MOST people take a trip to the seaside when it’s warm and sunny, with the prospect of a paddle in the sea. I like to be different, and so it was that today we caught the train down to Weymouth, had some very fine fish and chips for lunch and were blown along the windswept promenade to the Pavilion, thankfully saved in the nick of time from being demolished to become a car park, to see a rather splendid production of Cinderella.

Christmas Spectacular

THE dictionary definition of the word ‘spectacular’ is ‘striking, amazing, and lavish’, and I can say without a doubt that this show is every one of those things. It is also unique – how many Christmas shows have you seen that include songs such as Yellow Polka Dot Bikini, Guten Tag Hop Clop or Back In The USSR? Exactly. I rest my case.

A Concert Of Christmas Songs And Carols

I think it’s probably true to say that until tonight the Christmas spirit was somewhat eluding me, but having spent a couple of hours in a beautifully decorated church  in the company of the superb P&P Singers I am considerably more cheerful than when I started out.

A Sparkling Evening With La Nova Singers

I have always rather fancied, but never experienced, one of those ‘pamper days’ where one is given all sorts of treatments to relax the mind and the body. Tonight I experienced what must be the next best thing, as after just a few minutes of this concert I could feel the stresses of the day draining away, and I had a feeling of being enfolded in something warm, comforting and relaxing.

Dead Man's Hand

DOING my research in preparation for reviewing this play, the few notices I could find used words like ‘disappointing’, ‘far-fetched’ and ‘slow-moving’. Perhaps I am too easily pleased but I thought it was really rather good, with ingenious plot turns and clever dialogue.


Okay boys and girls.  What do we want when we go and see a Panto?  Do we want serious theatre?  Altogether ….. NO! Do we want to be entertained?  Altogether….. YES! Do we want thought provoking performances?  Altogether…. NO! Do we want to go out with a smile on our faces?  Altogether …. YES! Well, go and see Aladdin at the Pavilion.  You’ll get all you want and none of what you don’t want.


Grimm Tales

THERE is always a short period after I get home from a production when I tend to sit gazing into space as I gather my thoughts together prior to writing my review. Tonight I spent that time playing with the origami bird that passed as a ticket. As you do.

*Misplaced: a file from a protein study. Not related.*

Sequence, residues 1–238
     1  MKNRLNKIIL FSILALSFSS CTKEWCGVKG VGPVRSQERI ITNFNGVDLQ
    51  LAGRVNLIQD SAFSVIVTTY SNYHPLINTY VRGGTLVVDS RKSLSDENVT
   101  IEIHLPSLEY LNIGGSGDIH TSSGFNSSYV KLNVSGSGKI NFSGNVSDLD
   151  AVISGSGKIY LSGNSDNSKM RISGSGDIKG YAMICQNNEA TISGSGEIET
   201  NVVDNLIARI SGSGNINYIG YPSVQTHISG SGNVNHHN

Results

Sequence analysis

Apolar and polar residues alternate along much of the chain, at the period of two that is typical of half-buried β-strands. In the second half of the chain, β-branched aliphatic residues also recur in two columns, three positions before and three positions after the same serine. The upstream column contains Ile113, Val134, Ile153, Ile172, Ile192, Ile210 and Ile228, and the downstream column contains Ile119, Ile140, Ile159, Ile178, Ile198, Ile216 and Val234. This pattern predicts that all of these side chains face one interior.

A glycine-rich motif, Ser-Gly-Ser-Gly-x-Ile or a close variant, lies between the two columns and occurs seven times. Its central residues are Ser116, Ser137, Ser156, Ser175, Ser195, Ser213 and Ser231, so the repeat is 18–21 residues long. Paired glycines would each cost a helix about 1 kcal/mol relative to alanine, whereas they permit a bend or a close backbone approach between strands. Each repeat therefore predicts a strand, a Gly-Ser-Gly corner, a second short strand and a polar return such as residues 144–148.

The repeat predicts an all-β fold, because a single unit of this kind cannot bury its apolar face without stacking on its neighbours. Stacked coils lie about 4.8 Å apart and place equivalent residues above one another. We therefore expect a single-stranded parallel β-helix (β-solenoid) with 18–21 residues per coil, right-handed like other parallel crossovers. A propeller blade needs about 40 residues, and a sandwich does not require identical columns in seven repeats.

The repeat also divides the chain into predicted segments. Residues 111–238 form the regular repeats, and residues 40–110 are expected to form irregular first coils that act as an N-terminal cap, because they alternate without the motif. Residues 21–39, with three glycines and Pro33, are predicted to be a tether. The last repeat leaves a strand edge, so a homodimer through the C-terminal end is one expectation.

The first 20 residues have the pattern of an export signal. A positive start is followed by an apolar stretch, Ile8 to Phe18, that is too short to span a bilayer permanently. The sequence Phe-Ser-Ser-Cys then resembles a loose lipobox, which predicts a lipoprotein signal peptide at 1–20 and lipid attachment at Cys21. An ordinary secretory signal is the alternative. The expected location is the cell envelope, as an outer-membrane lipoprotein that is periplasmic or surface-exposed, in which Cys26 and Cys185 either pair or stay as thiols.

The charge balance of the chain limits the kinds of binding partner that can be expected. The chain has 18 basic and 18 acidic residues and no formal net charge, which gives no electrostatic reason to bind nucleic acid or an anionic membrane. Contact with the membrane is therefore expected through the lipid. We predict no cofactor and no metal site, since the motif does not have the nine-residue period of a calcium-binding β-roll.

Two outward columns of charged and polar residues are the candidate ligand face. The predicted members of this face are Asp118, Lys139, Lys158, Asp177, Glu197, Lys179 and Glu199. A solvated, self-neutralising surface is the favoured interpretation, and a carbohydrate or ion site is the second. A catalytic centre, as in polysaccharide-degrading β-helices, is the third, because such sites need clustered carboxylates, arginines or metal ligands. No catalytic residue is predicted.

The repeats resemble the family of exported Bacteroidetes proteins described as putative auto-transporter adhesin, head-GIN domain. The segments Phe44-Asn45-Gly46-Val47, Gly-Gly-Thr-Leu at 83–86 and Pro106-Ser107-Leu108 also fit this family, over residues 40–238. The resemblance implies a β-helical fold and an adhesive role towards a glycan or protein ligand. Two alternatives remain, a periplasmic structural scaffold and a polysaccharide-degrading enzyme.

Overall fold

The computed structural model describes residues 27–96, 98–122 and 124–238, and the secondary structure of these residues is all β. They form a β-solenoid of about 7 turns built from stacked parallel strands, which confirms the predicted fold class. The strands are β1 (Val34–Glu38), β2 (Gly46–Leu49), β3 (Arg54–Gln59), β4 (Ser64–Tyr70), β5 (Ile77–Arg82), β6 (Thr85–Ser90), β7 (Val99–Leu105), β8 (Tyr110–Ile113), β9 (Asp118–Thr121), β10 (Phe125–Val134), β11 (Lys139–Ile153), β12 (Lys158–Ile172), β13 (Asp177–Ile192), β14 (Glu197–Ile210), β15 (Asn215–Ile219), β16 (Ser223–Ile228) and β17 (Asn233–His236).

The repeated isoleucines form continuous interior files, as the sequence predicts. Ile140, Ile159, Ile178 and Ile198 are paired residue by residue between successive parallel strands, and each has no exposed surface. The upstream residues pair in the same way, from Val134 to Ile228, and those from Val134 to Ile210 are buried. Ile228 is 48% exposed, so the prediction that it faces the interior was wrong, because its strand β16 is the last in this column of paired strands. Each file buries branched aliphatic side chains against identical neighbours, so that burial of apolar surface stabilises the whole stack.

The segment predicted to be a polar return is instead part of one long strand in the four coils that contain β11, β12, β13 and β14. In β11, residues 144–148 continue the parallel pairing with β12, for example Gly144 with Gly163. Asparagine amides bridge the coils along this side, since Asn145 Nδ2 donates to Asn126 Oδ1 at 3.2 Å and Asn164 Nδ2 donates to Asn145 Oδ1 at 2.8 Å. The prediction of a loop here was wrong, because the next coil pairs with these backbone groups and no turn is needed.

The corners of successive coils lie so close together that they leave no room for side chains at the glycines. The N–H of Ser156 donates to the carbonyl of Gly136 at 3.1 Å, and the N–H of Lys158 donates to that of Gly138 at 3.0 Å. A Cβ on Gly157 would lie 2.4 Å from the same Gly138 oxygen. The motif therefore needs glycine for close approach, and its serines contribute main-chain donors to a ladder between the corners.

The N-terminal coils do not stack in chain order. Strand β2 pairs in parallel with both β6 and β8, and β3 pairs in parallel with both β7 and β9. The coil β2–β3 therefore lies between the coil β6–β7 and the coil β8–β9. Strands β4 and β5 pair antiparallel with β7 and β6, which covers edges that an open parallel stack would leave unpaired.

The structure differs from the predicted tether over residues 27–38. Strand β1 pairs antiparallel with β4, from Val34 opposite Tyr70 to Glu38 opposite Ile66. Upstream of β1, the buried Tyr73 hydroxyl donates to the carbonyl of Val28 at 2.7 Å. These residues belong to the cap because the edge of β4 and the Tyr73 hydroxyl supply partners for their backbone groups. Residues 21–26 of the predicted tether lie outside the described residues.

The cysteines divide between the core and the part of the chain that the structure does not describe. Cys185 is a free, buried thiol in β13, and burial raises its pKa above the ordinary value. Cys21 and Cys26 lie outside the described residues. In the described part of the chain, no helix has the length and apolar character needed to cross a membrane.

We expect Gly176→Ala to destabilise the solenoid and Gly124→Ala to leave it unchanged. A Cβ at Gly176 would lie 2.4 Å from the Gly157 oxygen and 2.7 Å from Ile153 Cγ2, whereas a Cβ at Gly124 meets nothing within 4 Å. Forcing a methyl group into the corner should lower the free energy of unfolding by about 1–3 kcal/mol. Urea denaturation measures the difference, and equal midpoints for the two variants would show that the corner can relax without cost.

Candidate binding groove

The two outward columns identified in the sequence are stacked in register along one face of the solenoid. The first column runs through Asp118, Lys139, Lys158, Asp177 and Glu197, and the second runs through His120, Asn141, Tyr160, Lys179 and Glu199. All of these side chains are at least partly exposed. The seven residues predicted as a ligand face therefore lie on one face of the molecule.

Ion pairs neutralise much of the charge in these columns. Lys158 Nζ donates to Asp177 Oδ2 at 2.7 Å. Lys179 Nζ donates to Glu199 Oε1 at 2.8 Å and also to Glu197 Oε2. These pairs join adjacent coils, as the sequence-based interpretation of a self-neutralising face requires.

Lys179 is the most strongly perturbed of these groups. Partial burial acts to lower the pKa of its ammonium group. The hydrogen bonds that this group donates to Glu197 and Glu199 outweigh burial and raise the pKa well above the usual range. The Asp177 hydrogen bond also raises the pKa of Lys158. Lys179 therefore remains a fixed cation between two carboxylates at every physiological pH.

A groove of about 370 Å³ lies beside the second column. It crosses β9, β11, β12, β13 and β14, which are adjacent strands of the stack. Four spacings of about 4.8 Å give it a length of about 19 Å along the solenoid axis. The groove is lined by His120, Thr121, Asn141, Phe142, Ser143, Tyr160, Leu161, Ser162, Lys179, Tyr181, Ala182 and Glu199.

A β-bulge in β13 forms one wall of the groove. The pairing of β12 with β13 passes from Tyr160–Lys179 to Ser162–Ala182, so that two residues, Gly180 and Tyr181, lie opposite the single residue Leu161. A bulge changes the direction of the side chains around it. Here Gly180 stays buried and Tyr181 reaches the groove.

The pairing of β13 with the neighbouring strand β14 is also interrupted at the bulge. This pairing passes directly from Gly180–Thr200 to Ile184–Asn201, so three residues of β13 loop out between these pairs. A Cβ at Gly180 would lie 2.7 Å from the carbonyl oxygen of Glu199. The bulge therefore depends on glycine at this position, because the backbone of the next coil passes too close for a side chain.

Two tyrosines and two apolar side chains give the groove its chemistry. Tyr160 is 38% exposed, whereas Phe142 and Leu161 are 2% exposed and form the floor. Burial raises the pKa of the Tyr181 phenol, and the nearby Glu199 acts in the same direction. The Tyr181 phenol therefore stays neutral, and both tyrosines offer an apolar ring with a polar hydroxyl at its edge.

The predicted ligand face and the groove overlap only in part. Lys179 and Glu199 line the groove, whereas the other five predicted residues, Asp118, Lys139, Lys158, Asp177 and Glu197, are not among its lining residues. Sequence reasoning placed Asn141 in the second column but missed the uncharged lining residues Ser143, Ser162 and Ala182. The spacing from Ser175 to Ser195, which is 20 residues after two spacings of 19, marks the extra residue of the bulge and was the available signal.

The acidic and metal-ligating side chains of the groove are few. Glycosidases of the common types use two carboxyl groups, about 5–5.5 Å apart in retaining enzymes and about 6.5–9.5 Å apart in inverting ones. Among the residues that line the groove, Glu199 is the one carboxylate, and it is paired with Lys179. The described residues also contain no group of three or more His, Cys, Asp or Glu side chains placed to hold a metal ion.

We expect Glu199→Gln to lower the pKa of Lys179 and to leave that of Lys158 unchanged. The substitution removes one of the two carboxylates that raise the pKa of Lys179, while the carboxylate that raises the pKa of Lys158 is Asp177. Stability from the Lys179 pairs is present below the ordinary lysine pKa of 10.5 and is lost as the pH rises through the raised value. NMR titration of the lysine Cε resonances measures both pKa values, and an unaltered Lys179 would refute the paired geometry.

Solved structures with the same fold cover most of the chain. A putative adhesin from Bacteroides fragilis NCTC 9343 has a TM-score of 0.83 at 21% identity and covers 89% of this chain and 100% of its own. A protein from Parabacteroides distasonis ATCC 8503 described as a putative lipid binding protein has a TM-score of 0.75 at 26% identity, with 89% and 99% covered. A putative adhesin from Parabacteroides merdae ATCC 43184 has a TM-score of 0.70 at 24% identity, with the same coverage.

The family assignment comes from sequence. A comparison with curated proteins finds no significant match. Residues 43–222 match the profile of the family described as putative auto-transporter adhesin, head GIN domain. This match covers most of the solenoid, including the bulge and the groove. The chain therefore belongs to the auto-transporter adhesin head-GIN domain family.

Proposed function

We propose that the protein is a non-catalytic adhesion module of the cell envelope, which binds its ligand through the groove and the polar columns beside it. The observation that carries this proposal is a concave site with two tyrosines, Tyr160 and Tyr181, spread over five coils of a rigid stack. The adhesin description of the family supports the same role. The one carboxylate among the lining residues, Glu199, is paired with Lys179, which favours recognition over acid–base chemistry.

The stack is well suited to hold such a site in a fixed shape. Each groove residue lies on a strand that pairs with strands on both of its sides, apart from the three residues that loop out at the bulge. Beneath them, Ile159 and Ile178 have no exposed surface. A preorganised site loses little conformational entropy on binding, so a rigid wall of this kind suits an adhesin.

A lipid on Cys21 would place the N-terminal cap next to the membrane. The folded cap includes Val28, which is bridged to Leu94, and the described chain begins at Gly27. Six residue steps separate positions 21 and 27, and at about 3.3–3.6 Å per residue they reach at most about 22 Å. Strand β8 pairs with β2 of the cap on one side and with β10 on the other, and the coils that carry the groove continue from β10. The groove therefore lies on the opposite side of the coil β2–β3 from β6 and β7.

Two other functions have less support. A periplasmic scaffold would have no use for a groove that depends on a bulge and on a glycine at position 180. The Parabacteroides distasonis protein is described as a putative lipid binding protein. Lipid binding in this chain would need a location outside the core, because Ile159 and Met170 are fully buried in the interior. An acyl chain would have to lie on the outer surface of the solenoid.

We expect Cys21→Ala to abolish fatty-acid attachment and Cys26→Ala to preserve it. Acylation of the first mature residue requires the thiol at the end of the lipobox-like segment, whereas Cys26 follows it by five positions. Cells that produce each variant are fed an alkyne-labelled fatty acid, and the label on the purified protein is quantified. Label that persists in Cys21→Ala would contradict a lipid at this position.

It All Starts Now

NEW theatre companies start up – and sometimes disappear – with alarming regularity, but I can’t think of any previous occasion when one was launched with quite so much razzmatazz, or with so much professionalism, and I’m not just talking about the cabaret part of the evening, of which more later.

From the moment we arrived at the hotel it was clear that nothing had been overlooked. Founders Dougie Gubbins, James Dixon-Box and Lisa Appleyard chatted to the assembled throng as we waited to go into dinner, making us all feel welcome and valued, with Press Packs handed out to those who needed them. No-one should ever overlook the importance of welcoming audiences, whether they are the paying public or a reviewer. A friendly smile and acknowledgement can make all the difference to people’s feelings about a production.








The Bible: The Complete Word of God (Abridged)

I have a confession to make – I have never read the Bible; there I said it, and I might even go to Hell. But it would appear I am not the only one. In fact, only one member of the audience present at Arena Theatre’s opening night tour of The Bible: The Complete Word of God (abridged) could actually say they had read it cover to cover when we were posed with this very question tonight, and I never actually thought the day would come when I would regret not having done so. That being said, you do not have to have read the Bible from cover to cover to enjoy this show. The Bible: The Complete Word of God (abridged) doesn’t have a plot per se, but is instead a very witty, insightful and alternative look at the stories of the Bible. And it isn’t like one of those spoof movies, where if you haven’t seen the film you don’t get the joke.

The Crowstarver

THIS is, without doubt one of the hardest reviews I’ve ever written. The story this play is based on is by Dick King-Smith, the author of Babe, and adapted for the stage by Daniel Jamieson  It is the story of a foundling, John Joseph Sparrow or Spider (Lawrence Brookfield) who is adopted by Kathie (Alison Silver) and her shepherd husband Tom (Doug Bowden).


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